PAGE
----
When trying to craft their Security Policies and figuring out ways in how to communicate that to their employees, many businesses and corporations, if they can afford it, will bring in a Cybersecurity firm to help to initiate these efforts. But keep in mind, these are “technical experts”, and are superb at what they do. In other words, they can help you strategically plan where to put your Firewalls and Routers, but they will not necessarily have the expertise in order to address the “human element” of your Security Policies – that is how to properly convey it to your target audience – which are your employees. True, this may cost some money initially, but the Return On Investment (ROI) will pay off in the log term. After all, what is even the point of creating and implementing a solid Security Policy when your employees won’t even abide by it? That is where an HR or Psychology Consultant can help you out. He or she can offer their own, unbiased views of how to properly communicate it so that you will literally win the hearts of your employees. Remember, you are not dealing with techno geeks – your employees are the average, everyday folks trying to make in it in life who may not even have a clue as to what Cybersecurity is all about. Don’t judge them negatively for that. I have this saying, that I try to make a conscience effort to follow: “Don’t judge somebody until you have walked a mile in their own shoes”.
*Relate only those parts of your Cybersecurity Strategy that matter the most:
I realize that this sounds of kind of weird, after all, you want all your employees to abide by your plans and ideas, right? Theoretically yes, this is true. But keep in mind that if your business is large enough (say, the baseline here is 15-20 employees) your employees are going to be of different employees. For example, you will probably have an IT department, HR, Accounting, etc. It is important to note here that they do not have to know everything that you are planning for. They just need to know what is relevant to them. In the end, that’s all they will care about. For example, with your IT staff, they will probably be primarily concerned with your policies on password escalation privileges, and your Accounting staff will be much more worried about those parts of your Security Policy that relate to audit controls and how to come into compliance with the many laws regulations, such as GDPR. What I am trying to get at is, don’t bog your employees down will extraneous detail, just get their buy in for what is relevant to them, and just convey those parts of your Security Policy. But also, keep in mind that you need to address general Cybersecurity concerns to all your employees, such as how to recognize a Phishing Email.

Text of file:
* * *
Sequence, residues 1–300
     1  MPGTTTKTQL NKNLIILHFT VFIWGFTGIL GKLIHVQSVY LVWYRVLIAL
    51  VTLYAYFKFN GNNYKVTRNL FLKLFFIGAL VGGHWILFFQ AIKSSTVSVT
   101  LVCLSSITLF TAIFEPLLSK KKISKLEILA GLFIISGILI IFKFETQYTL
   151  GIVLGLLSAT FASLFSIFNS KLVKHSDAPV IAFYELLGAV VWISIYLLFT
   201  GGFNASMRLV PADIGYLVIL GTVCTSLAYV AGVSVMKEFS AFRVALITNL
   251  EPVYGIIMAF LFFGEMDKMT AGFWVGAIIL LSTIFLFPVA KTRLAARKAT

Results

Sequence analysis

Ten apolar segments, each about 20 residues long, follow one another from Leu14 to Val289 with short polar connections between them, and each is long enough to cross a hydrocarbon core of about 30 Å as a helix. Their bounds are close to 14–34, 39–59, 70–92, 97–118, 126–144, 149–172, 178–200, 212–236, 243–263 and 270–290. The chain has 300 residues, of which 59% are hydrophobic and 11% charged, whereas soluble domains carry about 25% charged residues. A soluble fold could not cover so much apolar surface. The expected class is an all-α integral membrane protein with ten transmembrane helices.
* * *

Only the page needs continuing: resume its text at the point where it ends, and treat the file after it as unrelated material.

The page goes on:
*Establish metrics to measure your goals:
These are also known as “Key Performance Indicators”, or KPIs. Once you feel, as business owner that you have overall won your employees buy in for your Cybersecurity strategy and approach, the next important thing is to measure, on a quantitative basis, how it is all faring. A typical example as to how this can be done is to see how many of your employees are practicing what you have preached them to them. For instance, you can conduct routine audits of your IT systems, or just approach your employees directly in a straightforward and honest approach. If you truly have won them over initially, they will be equally honest in their answers to you.
My final thoughts:
As I have said before, the Cyberthreat landscape is always changing, and is perhaps one of the most dynamic pieces of Corporate America. Technology can only carry your business so far, but the other part of the equation is the human element. There is that saying that employees are often the weakest link in the security chain, but they don’t have to be. They can be your best ally when it comes to fighting off the Cyberattacker.
The bottom line is that treat them as to how you would want to be treated, nothing more and nothing less.